Winter wellbeing clinics from Wandsworth Community Empowerment Network are offering health checks, coaching and welfare advice – all from trusted local settings.
The first clinic, at Tooting Islamic Centre in September, attracted more than 60 people. It was followed, a month later by an event hosted by Community support group Elays Network at Nine Elms, Battersea.
Elays (beacon of light) Network, was founded 20 years ago to for young people at risk of school exclusion, and who are not in employment, education or training.
Residents are encouraged to pop in to the events to take up the offer of essential health checks for blood pressure, heart rate, diabetes risk and expert advice on mental health, smoking, healthy eating and alcohol use.
Wandsworth Community Empowerment Network (WCEN) director, Malik Gul said the enhanced programme built on the resounding success and positive reception of clinics last year which aimed to empower the local community to access healthcare services.
We ran these clinics last year, exceeding our attendance targets. This is the only encouragement we needed to relaunch them with improved professionalism and a more comprehensive service offering.”
He said: “We are constantly on the lookout for ways to break down the many barriers that are put up by systemic inequality excluding people from engaging with their local health services. We ran these clinics last year, exceeding our attendance targets. This is the only encouragement we needed to relaunch them with improved professionalism and a more comprehensive service offering.”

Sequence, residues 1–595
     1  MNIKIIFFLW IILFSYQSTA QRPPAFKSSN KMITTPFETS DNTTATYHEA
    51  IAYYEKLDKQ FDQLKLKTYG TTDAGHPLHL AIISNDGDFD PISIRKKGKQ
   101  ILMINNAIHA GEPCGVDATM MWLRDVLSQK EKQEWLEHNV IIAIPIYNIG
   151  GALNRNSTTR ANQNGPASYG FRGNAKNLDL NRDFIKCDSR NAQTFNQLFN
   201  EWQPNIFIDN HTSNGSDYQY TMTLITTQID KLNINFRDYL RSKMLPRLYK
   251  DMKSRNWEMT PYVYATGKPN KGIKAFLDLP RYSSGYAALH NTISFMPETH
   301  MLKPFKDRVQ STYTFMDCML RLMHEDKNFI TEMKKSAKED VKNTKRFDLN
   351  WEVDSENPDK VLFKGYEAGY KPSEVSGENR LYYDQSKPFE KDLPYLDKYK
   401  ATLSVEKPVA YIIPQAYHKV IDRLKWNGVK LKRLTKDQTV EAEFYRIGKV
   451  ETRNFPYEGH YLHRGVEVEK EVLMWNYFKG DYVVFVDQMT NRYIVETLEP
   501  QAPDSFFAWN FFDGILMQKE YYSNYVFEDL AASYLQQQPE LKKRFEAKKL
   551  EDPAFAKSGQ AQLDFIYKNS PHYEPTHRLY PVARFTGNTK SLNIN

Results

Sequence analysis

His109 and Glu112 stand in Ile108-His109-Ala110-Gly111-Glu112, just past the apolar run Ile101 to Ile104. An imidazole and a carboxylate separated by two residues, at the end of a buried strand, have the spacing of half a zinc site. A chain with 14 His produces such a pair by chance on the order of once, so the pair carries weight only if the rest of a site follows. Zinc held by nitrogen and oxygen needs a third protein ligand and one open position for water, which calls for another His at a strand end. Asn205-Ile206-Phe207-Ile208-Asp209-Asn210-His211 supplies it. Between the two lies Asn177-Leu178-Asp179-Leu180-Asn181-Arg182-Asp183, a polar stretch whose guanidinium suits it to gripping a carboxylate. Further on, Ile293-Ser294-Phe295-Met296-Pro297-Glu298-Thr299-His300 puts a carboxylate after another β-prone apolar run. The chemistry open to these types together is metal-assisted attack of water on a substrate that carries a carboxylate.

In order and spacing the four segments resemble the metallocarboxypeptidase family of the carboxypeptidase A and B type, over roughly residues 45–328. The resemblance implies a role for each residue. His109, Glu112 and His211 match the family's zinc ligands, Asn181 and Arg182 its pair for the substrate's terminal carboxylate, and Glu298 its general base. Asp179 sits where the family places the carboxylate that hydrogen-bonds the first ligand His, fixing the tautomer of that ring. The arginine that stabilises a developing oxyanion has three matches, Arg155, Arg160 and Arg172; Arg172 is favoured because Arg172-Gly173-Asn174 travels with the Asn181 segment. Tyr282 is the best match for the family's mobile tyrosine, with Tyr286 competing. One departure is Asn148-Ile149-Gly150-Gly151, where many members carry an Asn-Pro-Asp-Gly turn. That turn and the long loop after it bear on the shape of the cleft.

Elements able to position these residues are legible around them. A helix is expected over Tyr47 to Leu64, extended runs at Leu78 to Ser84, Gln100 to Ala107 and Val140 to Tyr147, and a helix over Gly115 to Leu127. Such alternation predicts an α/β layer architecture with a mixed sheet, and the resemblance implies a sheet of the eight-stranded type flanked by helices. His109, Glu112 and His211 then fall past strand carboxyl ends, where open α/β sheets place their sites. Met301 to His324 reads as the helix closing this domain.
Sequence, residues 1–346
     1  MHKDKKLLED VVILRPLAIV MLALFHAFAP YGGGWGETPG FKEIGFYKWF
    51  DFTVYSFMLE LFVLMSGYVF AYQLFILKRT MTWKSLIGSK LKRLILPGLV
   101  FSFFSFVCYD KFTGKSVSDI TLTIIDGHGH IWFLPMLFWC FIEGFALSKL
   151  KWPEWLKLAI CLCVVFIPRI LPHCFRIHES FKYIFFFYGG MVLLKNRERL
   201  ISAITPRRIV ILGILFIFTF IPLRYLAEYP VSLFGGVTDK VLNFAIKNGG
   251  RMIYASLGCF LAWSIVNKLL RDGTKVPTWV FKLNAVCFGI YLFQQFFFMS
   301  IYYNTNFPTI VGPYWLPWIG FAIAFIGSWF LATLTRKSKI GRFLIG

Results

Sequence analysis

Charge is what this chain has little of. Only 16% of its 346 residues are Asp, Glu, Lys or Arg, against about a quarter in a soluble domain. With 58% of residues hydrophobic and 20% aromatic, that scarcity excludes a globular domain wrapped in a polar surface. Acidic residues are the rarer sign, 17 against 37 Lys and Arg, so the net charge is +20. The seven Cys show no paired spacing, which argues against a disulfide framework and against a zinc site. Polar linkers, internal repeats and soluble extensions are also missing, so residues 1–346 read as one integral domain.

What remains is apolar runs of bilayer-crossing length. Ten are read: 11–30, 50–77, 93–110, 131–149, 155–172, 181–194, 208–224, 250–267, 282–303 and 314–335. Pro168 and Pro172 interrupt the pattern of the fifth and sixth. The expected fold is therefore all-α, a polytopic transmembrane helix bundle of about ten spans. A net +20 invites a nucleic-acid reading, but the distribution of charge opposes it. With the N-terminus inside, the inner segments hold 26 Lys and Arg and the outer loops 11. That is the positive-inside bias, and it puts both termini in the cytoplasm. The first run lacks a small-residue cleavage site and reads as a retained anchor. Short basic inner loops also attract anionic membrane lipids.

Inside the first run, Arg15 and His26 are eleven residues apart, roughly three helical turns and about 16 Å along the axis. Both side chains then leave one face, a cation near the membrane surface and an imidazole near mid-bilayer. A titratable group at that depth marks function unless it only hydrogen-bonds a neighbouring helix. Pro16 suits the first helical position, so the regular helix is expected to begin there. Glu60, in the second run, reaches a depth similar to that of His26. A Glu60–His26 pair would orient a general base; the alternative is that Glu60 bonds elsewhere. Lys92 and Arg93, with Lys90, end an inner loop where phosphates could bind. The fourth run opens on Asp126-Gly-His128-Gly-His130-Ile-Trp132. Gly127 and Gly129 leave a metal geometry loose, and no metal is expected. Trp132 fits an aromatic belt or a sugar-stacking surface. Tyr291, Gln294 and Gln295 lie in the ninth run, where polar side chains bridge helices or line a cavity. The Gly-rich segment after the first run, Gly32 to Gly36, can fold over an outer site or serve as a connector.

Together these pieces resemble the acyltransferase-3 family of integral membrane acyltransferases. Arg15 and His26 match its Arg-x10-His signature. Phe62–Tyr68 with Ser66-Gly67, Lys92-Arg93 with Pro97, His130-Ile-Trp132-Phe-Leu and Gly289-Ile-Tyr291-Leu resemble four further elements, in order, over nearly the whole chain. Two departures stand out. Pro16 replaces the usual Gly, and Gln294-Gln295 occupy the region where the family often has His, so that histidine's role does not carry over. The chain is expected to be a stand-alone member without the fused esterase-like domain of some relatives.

The revitalised clinics are expanding their reach to a wider range of locations, including significant gathering places within the community such as churches, temples, mosques, and major youth clubs.
Residents will be able to meet health coaches and take part in educational workshops covering exercise and weight management, taking a healthier approach to cooking traditional foods.
There will also be social welfare rights and advocacy advice to address the cost of living crisis. The community-led health clinics also work closely with mental health services through the organisation’s NHS-backed Ethnicity and Mental Health Improvement Programme (EMHIP).
Health inequalities are the unfair and avoidable differences in people’s health across the population, and between different communities. Research shows that people living in areas where incomes are higher could expect to live almost two decades longer, in good health, than those where the average income is lower.
People from Black, Asian and minority ethnic communities are also more likely to experience inequalities, such as being more at risk of certain health conditions.
Juni who was one of the team carrying out the health checks said: “A simple check could prevent future health issues such as having high blood pressure where a person may be unaware they may be at a higher risk of stroke. The checks empower residents to take control of their health and total wellbeing.”